IAS Talking Points Seminar/ Power Vertical #4
Unedited audio recording available here.
Russia's Retrofuturistic (Anti-) Utopia: The Case of Eduard Limonov
🥒Professor Andrei Rogatchevski, IAS Visiting Research Fellow
🥒Peter Duncan (Senior Lecturer in Russian Foreign Policy, UCL SSEES)
🥒Sarah Wilson (Professor of Modern and Contemporary Art, The Courtauld Institute of Art)
Eduard Limonov is a controversial yet influential Russian author and politician who was an underground poet in the USSR in the late 1960s – early 1970s and an exile in the West (mostly the USA and France) in the mid-1970s – early 1990s. He returned to Russia after the collapse of the USSR to pursue an anti-capitalist and nationalist agenda, chiefly by non-parliamentary means. in 1993 Limonov co-founded the extremist National Bolshevik Party (NBP). At its height, it numbered over 50,000 very active and highly visible members. The NBP was banned in 2007 and subsequently regrouped under a new name, The Other Russia.
The Other Russia (Drugaia Rossiia) is also the title of Limonov’s 2003 book outlining his views on what is wrong with society in Russia and elsewhere, and how these wrongs should be righted. It describes what Limonov believes is a genuine alternative to both capitalism and communism, encapsulating his own personal vision of Russia’s desirable future. Among other things, the book advocates a move to the countryside, and to new territories, to establish a civilisation of nomad warriors. An accelerated nation-building is envisaged, by means of special selection and intensive procreation with the help of polygamy, promiscuity and anti-abortionism; women’s chief role, before they reach 35 years of age, is to have at least four children. The preferred society structure would consist of armed communes with common property and common sexual partners, ruled by the Council of Communes. At the same time (as Limonov empasises in another, more recent book, partially functioning as a detailed auto-commentary to Drugaia Rossiia), his ideas should not be interpreted as a ‘sermon against scientific progress and a struggle against clever and handy technological achievements. No. We’ll be developing internet and genetics, as well as new, superior forms of television. Television and internet will be linking armed communes together into a united civilisation of free citizens’ (Neo-Bolshevism, 2014).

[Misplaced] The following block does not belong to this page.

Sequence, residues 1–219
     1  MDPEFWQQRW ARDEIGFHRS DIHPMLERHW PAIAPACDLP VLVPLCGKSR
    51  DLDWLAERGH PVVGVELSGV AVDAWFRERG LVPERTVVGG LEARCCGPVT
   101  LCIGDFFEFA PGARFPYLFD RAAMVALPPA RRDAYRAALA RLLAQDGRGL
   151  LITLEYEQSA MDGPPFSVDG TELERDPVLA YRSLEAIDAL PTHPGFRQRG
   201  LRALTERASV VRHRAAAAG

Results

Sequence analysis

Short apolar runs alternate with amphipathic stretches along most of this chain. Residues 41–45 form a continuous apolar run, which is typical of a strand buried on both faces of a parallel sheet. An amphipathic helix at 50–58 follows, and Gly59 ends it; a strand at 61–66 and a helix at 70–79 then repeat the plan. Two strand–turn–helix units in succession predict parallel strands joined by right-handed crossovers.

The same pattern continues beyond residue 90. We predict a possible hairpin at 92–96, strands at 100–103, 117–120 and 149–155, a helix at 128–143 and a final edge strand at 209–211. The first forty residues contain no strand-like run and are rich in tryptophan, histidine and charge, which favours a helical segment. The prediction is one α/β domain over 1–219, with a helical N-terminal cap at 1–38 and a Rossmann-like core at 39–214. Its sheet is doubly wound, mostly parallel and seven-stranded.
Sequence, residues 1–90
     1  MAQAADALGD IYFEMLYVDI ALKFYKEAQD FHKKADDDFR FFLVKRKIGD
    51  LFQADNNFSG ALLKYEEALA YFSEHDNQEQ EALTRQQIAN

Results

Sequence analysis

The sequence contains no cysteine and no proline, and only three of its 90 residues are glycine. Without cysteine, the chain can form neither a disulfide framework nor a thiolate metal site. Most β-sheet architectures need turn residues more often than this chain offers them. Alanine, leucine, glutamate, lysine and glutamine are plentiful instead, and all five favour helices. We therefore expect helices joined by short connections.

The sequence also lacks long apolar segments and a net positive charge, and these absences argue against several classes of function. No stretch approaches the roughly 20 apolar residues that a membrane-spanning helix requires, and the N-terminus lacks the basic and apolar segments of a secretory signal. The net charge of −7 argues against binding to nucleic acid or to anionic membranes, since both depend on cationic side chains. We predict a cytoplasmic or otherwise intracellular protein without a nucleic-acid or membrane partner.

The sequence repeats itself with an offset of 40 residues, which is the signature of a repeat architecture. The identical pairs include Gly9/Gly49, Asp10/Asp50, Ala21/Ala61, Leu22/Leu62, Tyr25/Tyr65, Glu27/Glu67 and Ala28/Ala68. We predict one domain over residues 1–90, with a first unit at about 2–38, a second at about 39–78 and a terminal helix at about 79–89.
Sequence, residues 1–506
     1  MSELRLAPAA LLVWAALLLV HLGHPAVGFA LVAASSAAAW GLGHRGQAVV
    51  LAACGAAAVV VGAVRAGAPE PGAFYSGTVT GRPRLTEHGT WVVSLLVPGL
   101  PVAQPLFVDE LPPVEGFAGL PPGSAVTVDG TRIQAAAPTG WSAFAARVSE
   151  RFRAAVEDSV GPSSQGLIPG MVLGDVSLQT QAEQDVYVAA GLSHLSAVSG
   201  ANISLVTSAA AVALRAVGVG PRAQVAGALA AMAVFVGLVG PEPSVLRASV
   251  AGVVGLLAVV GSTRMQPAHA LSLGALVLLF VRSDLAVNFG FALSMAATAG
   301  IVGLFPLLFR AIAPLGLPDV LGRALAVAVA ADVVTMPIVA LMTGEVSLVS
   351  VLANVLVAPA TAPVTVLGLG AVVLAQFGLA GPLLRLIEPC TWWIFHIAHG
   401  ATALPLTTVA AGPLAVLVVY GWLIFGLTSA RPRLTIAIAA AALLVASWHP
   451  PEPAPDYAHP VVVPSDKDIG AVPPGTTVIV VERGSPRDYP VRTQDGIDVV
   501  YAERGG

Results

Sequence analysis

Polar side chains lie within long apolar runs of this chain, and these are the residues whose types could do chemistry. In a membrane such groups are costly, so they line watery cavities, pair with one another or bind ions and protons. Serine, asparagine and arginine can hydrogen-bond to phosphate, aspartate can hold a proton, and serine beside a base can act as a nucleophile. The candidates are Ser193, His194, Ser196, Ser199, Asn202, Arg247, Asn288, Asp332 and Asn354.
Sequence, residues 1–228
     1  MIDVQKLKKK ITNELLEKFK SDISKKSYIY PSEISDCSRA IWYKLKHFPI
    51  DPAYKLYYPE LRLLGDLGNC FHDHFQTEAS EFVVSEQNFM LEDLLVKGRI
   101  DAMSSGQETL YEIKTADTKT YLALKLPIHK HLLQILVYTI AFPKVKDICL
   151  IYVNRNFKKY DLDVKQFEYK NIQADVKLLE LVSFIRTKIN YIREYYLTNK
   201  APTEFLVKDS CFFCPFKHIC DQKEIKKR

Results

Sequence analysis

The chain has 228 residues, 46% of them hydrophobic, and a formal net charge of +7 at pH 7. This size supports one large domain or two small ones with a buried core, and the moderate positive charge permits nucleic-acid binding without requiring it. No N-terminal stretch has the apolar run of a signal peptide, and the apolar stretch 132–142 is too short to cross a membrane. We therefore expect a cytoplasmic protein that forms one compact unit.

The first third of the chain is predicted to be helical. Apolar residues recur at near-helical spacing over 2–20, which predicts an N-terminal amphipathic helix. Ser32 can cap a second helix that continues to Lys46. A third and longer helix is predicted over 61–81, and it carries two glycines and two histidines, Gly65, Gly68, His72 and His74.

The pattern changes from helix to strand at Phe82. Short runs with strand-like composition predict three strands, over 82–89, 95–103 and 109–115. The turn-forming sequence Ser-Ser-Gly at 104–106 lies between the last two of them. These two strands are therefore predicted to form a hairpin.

This bizarre retrofuturistic vision may well be implemented sooner rather than later. Several attempts to this effect have already been made. in 2001-03, Limonov served time in various Russian penitentiaries for gun running with a view to inciting separatism among Russian speakers in Northern Kazakhstan (Limonov’s biographer Andrei Dmitriev, an NBP member, characterises this goal as ‘seemingly utopian’). In Spring 2015, the media reported the formation of a military detachment called the People’s Republic of Kharkiv, made up of the Other Russia volunteers, who took part in the conflict in Eastern Ukraine, planning to ‘liberate’ Kharkiv (where Limonov grew up) from the Kyiv rule and turn Eastern Ukraine into a ‘utopian state’ (Newsru.com).
Professor Andrei Rogatchevski presents and discusses Limonov’s thoughts on what such a state should be like and where and how it could be established; on the vertical/horizontal relationships and structures in such a state; and on the role of political aesthetics in it. Rogatchevski contextualises Limonov’s utopia (which can also be justifiably called an anti-utopia) within the Russian and European (anti-) Utopian and countercultural tradition, according to four parameters described by Dennis Bramwell Neuenschwander in his pioneering work Themes in Russian Utopian Fiction (1974): “the utopian concept of man, of his environment (principally involving the city), of social institutions, and, lastly, of science and technology”.
We discussed ruined cities, Scythians, full-sized sculptures as high as proletarians and other nomad warriors. Limonov, Sarah pointed out, is a *grande horizontale* who wants to be a *grande verticale*. On the question of styob or not-styob, Pete said that Limonov and Pussy Riot are the same in that they both do performance art with a last-instance serious (or sincere) message - but their messages are diametrically opposed to each other.